MINNEAPOLIS (WCCO) — A nonprofit gym is nestled near James and Lowry in North Minneapolis. In the mornings this place is quiet, but come 2 p.m. the place lights up, filled with a team committed to serving not just future boxing champs, but also kids looking to have a little fun after school.
Formerly an old fire house, Fighting Chance Boxing Club opened its doors in its North Minneapolis neighborhood in April of this year.
Twin Cities restaurant owner and Wayzata native Ryan Burnet opened the gym in April. He picked up boxing 15 years ago, and through Fighting Chance he is making sure others get exposed at an early age.
“We teach them technique, the science of boxing, discipline and that also teaches them the general discipline in life,” Burnet said. “Boxing is the tool, but really it’s getting them in here to be a part of the community.”
In the beginning, the program was more a shuttle service making sure the kids could just step foot in a ring, but it was through the long drives that he realized these kids needed more.
“I started the initial program where we picked them up, then I got to see what they were going through and it just touched my heart,” Burnet said.
That’s when Burnet knew this ring full of abs, jabs, and jumps had to be curated close to their home. From Monday through Friday, 40 to 60 kids show up for some training and tough love. And they’re not just fighting; they are also served a hot meal.
Every gym needs a fighter, and that’s exactly why Phil “the Drill” Williams was hired. The barber turned boxer is a champ straight from Minneapolis, though he moved to New York City early on in his life.
“I’ve been boxing for 17 years,” Williams said. “The competition, just fighting itself and then the crowd and I like to please the crowd.”
He certainly did that at this fight in June of 2009, known as the fastest knockout in boxing history.
Williams said he understands exactly where sometimes that anger and aggression is coming from.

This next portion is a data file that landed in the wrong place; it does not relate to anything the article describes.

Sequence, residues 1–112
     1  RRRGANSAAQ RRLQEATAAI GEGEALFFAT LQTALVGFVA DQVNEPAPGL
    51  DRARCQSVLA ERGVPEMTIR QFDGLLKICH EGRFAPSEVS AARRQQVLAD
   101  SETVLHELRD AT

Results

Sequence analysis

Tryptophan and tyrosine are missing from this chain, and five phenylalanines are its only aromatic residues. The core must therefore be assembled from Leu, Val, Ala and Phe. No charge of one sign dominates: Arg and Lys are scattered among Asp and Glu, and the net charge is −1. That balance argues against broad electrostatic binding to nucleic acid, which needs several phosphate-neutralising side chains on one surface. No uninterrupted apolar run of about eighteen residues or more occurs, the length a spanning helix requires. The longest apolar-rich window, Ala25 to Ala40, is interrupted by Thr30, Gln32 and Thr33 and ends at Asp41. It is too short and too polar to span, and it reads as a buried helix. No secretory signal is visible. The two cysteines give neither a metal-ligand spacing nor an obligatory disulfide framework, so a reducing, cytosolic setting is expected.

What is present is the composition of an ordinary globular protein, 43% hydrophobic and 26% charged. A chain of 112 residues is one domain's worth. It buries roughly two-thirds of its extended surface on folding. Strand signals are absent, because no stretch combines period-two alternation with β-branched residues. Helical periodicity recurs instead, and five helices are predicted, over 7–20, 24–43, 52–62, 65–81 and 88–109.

“I was one of the kids they could have thrown away a long time ago, but it didn’t happen and, by the grace of God, I was able to still be here,” he said. “I’m able to understand what they’re going through. So that’s why I’m going to give back.”
He wants Fighting Chance to be a safe place for them to learn not just the skills of the ring, but of life.
“It’s a war zone going on around here, but in here that’s where they get their peace, that’s where you can get your hugs,” said Williams. “Sometimes they open up to you, and there’s a lot of stuff that’s going on that you’d be surprised about that a kid’s going through.”
Both his job as a barber and his career in boxing kept him on the right path, he said, unlike a lot of his friends, including his brother.
“My brother’s still locked up. From doing an eight-year sentence, he got out and now he’s doing a 15-year sentence,” Williams said. “(These are) the issues you’re dealing with in the inner city, a lot of times you’re surviving.”
Just like the way Williams feels about his training, he wants to instill the desire of discipline in kids like DeShawn McKizzie to make sure they return to the ring day after day.
“There’s a lot of stuff going on, but these are really loving people, the most loving people you’re ever going to meet. They’re just missing somebody to show them that love that will open up to you,” Williams said.
At 39, Williams may be past his fighting prime, but he certainly is not past his pushing the next generation.
“We know in reality everyone can’t be a champion. But at least we’re going to learn some discipline and learn some structure in life, and come in and you’ll be around some positive males, which is a good thing,” Williams said.
By the way, there is a meaning behind Williams’ nickname, “The Drill.” It stands for “Directly Related to the Inner city with Love and Loyalty.”
Burnet called the gym the most fulfilling project of his career. The food program incorporates some of Burnet’s restaurants. On Mondays and Fridays, Loaves and Fishes donates meals. Then from Tuesday through Thursday it’s Bar La Grass, Burch Steakhouse and 112 Eatery.
If you would like to help donate the club or the cause, there is an event coming up. All proceeds for the LEAD Project 10th anniversary party will benefit Fighting Chance Boxing Club.